Saturday, January 26, 2008

Disillusionment Vision

Working through this series on disillusions in America today, readers may wonder what vision may possibly replace our current structure. Let me begin with a recent event.

Yesterday morning was our last day of intensive classes at Meadville Lombard Theological Schools for January. My Religious Humanism class was discussing pastoral issues and side-tracked into a dialogue on social justice issues. Now, if you are a Unitarian Universalist, you have almost certainly heard this conversation before. After 20 or so minutes of Wal-Mart bashing and opining for a living wage, I could stay silent no longer. With a quiver in my voice that this topic always arises, I expressed my exasperation with incremental thinking and the eternal hopefulness of Unitarian Universalists and the religious humanist manifestos that set forth visions without tangible blueprints for change.

As I hope my 'disillusion' postings reveal, I have evolved to the belief that we will never transform America into a just society through our current strategies of social action. Effecting the fundamental changes that are needed will require the creation of a large-scale model of an intentional community as a focal point for our vision of the future. Like Gandhi's ashram, we must establish a new type of society from the ashes of failed America, and not merely nail aluminum siding onto our termite ridden home.

So, what is this vision? Later in the day, I had to escape the class for a few minutes. So, I walked out into the Gothic stone sanctuary of the First Unitarian Church of Chicago. I have always loved Gothic stone structures. The power and majesty of that architecture evoked my image of a new 'Architecture of Life' that I propose. I will flesh this plan out in future postings, but the basic plan is that after a period of planning and fundraising, a significant block of property is bought in an urban area that has been destroyed by city policies of the past century. After leveling whatever building shells exist, we build a new community, with these attributes:
  • 500-1,000 citizens, with as diverse a representation as possible;
  • a community center with activity spaces and dining facilities;
  • encouragement of all forms of entrepreneurial enterprises, as well as common community service expectations of all;
  • 100% green architecture and sustainable lifestyle;
  • schools that teach our vision of preparing children for modern living;
  • assisted living for the elderly;
  • basic health care provided for all; and
  • cooperative consumption in all walks of products and goods.

Most important is a commitment to the elimination of the acquisition of private wealth and excessive materialism.

Of course, an enormous number of details exist to be addressed. The hope is that the vision will attract people of all talents and walks of life who will help iron out difficulties and support the developments of this community. So, if this idea interests you, maybe you can join in the planning and become part of the movement to rebuild and re-envision this nation and this world.

Wednesday, January 23, 2008

Illusions in America Today #3

I recently began reading Abbie Hoffman's 1969 book Woodstock Nation. Two portions particularly caught my eye. One was the following from “Thorns of the Flower Children.”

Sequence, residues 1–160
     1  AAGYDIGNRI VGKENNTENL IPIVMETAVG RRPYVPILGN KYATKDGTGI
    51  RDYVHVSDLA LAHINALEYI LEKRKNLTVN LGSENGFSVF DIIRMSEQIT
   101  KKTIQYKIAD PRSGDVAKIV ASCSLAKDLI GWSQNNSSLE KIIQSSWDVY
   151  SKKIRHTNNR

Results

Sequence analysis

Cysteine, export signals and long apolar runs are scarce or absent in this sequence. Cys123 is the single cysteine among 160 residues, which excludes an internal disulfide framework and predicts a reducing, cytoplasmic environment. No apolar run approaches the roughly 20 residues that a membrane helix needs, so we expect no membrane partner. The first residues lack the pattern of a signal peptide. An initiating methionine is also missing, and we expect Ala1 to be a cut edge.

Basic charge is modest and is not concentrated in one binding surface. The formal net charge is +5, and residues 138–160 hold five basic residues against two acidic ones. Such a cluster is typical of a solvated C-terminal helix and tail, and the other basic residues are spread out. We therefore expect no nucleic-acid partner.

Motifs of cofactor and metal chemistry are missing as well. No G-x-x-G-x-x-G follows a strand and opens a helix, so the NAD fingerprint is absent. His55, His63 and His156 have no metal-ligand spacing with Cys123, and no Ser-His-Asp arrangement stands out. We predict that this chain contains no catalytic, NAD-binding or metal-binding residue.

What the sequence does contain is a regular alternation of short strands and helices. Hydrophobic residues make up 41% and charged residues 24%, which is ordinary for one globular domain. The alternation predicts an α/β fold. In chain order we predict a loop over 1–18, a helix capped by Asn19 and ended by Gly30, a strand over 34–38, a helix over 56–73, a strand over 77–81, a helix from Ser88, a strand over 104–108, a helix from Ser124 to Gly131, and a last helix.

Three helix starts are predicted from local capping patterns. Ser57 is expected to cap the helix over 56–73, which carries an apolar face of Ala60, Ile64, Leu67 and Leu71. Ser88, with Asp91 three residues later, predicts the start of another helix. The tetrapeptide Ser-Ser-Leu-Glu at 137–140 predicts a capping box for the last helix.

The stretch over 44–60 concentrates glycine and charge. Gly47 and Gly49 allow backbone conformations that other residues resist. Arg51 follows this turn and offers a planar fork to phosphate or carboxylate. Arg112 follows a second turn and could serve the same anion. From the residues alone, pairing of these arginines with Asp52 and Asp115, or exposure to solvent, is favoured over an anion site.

They were sick of being programmed by an educational system void of excitement, creativity, and sensitivity. A system that channeled human beings like so many laboratory rats with electrodes rammed up their asses into a highly mechanized maze of class rankings, degrees, careers, neon supermarkets, military-industrial complexes, suburbs, repressed sexuality, hypocrisy, ulcers, and psychoanalysts.
Education will be a subject of a future posting on this topic, but not today. After the initial assault of reading this passage, I felt that mixture of wanting to soften it for those involved in the system who are indeed doing good work and the feeling that nothing had really changed in nearly 40 years. I was 13 at the time Hoffman wrote this, and was fully enmeshed in middle class comfort. So, the radical hippie message was an alien voice to me.

But, today, after more than 30 years in the American higher education system, I am beginning to speak Hoffman's language. Dealing with the bureaucracy and, too often, hypocrisy of a system that is bankrupting our youth financially and perhaps in other more important ways, has left me cynical.

Then, I read further in Hoffman's book, to a selection titled "Che's Last Letter." I saw Motorcycle Diaries when it came out and then read Che's Diary. The writing did not reflect the angry image I was taught as a child, but a gentle and reflective person. After calling for the youth of the United States to join in the revolution, Hoffman's chapter continues
"What is so revolutionary about your revolution?" But, of course, you are cynical. Your universities teach you to be eternal cynics, a cynicism that can only be drowned in alcohol and diet pills and psychoanalysis and golf. Forget your cynicism...You must vomit forth your cynicism on the streets of your cities...
One may argue with the content or philosophy of the revolution. But, this passage speaks to a truth that the motivation to effect change in the world may only begin with the seed of cynicism. In order to view the illusions we live in, and grow the tree of a new way, we must shed cast aside cynicism as our primary tool. We must be willing to put aside the axe and use the shovel and how. We must always use the microscope, but add poetry and song. A revolution in society must be born of reason, but also passion.